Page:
While the IC’s research organization looks into adding security to cloud environments, in the here and now, intelligence agencies are sharing more data.
The traditional wireless networks that have served agencies well for the past decade are quickly becoming outdated and in need of upgrading. Today’s mobile users require ubiquitous high-bandwidth connections throughout an agency’s facilities. To meet these demands, agencies across government are looking to the next revolution in wireless networking.
The 802.11ac wireless networking standard promises to help agency IT departments move forward by tripling the speed of existing 802.11n networks. Technology advances over the next few years will further increase 802.11ac speed by a factor of four — providing wireless connections of up to 6 gigabits per second — compared with today’s 500-megabit-per-second maximum. 802.11ac achieves this by leveraging several technical enhancements, including the use of the 5-gigahertz radio spectrum.
Even if an agency is not planning to deploy 802.11ac networks for a few years, now is the time to prepare. The 802.11ac standard will likely serve as the dominant networking standard for the next decade, and steps taken today on an existing network may affect the ease of an agency’s wireless transition down the road. IT managers should consider three steps that can pave the way for 802.11ac networking.
Access points that use 802.11ac are power hogs. They consume a great deal more power than legacy APs, a factor that network planners must take into account when choosing switch equipment that provides power to APs. The Power over Ethernet Plus (PoE-Plus) standard provides the power necessary to support 802.11ac equipment.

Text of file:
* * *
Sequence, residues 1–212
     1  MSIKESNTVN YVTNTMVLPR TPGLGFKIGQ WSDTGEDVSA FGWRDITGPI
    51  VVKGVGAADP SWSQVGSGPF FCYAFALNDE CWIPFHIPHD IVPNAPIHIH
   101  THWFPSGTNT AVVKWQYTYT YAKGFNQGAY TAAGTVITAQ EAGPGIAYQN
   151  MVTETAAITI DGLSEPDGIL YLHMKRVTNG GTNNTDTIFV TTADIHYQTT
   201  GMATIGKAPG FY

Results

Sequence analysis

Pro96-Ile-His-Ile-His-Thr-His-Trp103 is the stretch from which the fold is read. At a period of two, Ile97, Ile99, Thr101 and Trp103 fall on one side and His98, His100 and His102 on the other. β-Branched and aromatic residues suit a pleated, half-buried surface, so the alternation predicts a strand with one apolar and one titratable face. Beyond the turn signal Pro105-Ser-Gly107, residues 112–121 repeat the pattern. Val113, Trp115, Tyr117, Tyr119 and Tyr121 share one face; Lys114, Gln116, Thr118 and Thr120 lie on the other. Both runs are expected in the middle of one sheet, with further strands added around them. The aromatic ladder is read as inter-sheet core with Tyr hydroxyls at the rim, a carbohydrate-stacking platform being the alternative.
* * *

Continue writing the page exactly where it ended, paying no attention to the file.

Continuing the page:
Given the lengthy refresh cycle for switching equipment, now is the time to start deploying PoE-Plus switches. Using PoE-Plus equipment in technology refreshes today will future-proof an agency’s switch infrastructure and prevent the need for premature switch replacements.
As agencies roll out higher-speed networks, users will quickly consume the new bandwidth. Agencies must plan for this increased network consumption by providing sufficient capacity in their network infrastructure. This requires careful long-term planning throughout the edge and core networks.
As an agency upgrades its network, IT managers should plan to provide Gigabit Ethernet capability at the edge to support newer wireless APs. Providing this capability to the edge requires greater capability at the core where those connections aggregate. Edge-to-core connections on most agency networks should support 10Gbps connections. Finally, agencies should ensure that the network border provides sufficient capacity to reach both wide area network and commercial Internet services.
Full deployment of 802.11ac functionality requires the use of two CAT 6 Ethernet cables to the AP. Rewiring is an expensive undertaking, and agencies will want to avoid rewiring solely for the purpose of deploying 802.11ac. The cost of pulling two cables at one time, even if one remains unused, is much lower than the cost of adding a second cable at a later date. Therefore, any new construction and rewiring projects should include dual CAT 6 cable runs to wireless AP locations.
The technical decisions that IT managers make today will determine the effectiveness of an agency’s wireless networks for years to come. Making smart investments today in PoE-Plus switches, legacy equipment replacements and dual cabling may dramatically reduce the pain of a future 802.11ac rollout.